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annual report

Rewriting the book on human rights in the workplace

From: Annual report 2008-2009

In November 2008, the Commission released its third edition of Human Rights at Work. This plain-language guide includes examples, best practices, sample forms and other resources to help people develop and maintain inclusive, respectful workplaces that meet the standards of the Code. The Commission has combined its human rights expertise with the publishing skills of Carswell Thomson Publishing to help make Human Rights at Work available across Ontario.

OHRC, business and community say "yes"; to collecting human rights-based data

From: Annual report 2009-2010 Educate Empower Act

It is hard to solve problems or run a successful business or make a good policy without all of the information. Yet this happens regularly when it comes to race, disability, sex, gender identity and other grounds covered by the Code. In many cases, information is not collected because of fear that doing so would itself be contravening the Code. That’s why the OHRC published a new guide called Count me in!, which dispels the myths and fears about collecting human rights-based data.

Moving beyond the numbers

From: Annual report 2009-2010 Educate Empower Act

On June 30, 2008, the role of the OHRC in dealing with individual human rights complaints changed. As of that date, all new human rights applications were filed directly with the Human Rights Tribunal of Ontario (HRTO). During the transition phase, the OHRC continued to work on the cases already within its system. By the end of the 2009/2010 fiscal year, the OHRC remains involved in 45-50 of these cases.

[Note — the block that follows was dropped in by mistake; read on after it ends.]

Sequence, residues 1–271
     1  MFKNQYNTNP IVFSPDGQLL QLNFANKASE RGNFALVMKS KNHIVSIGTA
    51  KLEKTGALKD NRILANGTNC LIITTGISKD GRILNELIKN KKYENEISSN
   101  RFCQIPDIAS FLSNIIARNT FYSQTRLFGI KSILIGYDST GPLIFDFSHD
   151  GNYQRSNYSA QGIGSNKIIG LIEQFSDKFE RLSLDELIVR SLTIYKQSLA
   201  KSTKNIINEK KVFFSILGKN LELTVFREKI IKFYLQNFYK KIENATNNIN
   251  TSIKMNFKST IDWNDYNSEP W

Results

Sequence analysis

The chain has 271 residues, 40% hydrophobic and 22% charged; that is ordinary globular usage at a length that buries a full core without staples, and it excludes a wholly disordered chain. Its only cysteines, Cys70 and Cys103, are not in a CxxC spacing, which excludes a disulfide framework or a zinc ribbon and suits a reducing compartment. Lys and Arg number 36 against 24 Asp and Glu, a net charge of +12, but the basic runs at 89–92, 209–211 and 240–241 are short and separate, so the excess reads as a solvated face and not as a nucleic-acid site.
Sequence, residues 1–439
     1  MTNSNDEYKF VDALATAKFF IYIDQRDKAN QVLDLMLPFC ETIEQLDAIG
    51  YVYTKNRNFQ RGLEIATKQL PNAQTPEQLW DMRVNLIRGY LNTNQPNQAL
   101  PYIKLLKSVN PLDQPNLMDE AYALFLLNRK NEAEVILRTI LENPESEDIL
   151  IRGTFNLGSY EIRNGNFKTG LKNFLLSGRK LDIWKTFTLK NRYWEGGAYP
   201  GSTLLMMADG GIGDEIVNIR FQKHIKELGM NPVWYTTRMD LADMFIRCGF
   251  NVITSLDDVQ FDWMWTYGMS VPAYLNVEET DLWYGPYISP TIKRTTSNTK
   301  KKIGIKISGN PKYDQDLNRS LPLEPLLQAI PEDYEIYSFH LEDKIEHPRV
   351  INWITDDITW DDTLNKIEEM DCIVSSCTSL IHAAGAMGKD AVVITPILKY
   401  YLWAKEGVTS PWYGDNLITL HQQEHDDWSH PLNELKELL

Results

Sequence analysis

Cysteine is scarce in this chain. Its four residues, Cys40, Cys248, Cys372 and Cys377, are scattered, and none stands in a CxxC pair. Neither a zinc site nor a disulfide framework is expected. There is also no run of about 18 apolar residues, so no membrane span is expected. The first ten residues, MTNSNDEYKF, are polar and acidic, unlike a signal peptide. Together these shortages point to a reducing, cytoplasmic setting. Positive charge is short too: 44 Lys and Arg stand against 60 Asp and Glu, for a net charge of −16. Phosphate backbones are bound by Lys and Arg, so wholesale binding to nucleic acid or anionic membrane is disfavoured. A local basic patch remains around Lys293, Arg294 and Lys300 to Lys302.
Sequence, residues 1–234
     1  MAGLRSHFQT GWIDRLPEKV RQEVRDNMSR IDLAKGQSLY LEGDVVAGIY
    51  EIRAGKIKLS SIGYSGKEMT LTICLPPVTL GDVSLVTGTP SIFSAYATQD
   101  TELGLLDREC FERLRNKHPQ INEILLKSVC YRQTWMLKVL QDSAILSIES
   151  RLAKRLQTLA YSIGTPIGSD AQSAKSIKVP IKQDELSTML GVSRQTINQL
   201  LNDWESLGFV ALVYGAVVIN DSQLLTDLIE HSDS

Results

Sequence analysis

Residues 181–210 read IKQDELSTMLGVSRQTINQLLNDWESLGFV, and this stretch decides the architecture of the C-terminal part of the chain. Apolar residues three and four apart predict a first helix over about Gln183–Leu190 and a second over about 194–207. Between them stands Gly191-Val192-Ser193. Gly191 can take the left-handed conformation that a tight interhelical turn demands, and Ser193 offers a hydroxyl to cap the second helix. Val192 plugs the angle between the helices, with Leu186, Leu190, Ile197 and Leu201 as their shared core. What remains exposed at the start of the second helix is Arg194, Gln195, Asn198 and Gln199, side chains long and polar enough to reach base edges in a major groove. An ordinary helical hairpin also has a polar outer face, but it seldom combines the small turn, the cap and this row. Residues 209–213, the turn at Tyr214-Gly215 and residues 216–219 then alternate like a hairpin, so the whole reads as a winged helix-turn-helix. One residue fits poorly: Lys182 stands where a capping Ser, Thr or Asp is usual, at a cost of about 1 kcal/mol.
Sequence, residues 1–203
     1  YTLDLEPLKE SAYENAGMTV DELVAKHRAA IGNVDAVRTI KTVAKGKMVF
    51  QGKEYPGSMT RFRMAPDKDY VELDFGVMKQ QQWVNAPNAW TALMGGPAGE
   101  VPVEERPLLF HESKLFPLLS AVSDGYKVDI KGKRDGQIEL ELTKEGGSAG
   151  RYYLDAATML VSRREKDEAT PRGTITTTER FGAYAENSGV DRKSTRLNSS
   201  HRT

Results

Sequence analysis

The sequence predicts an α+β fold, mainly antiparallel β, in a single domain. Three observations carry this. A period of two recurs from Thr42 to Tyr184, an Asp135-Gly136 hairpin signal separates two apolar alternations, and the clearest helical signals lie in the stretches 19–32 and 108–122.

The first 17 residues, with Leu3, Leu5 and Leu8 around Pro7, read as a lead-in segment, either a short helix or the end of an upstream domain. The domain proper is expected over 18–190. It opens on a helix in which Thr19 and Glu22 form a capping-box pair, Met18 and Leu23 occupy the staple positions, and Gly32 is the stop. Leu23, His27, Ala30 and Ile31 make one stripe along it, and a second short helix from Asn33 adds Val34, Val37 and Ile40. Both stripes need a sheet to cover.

Using technology to teach

From: Annual report 2009-2010 Educate Empower Act

To meet the challenge of communicating with audiences across Ontario in a consistent, affordable way, the OHRC is creating new electronic tools for people to both learn about human rights and share what they have learned. The centre piece of this work is the OHRC website,

The site offers a wealth of information on human rights in Ontario, includes regular updates on the work of the OHRC, and offers options for people to sign on as partners in advancing human rights.

Saying no to racial profiling

From: Annual report 2009-2010 Educate Empower Act

The OHRC’s work on racism and racial profiling has been a driving force in its partnership with the Toronto Police Services Board on the Toronto Police Charter Project.

The OHRC also intervened at the Tribunal in a complaint by Ron Phipps – a case which raised some tough issues. The Tribunal ruled Phipps had been subjected to racial profiling in 2005 by a Toronto police officer. The officer stopped Phipps when he was delivering mail in an affluent Toronto neighbourhood, checked with a homeowner Phipps spoke to, trailed him and checked his identity with a White letter carrier.


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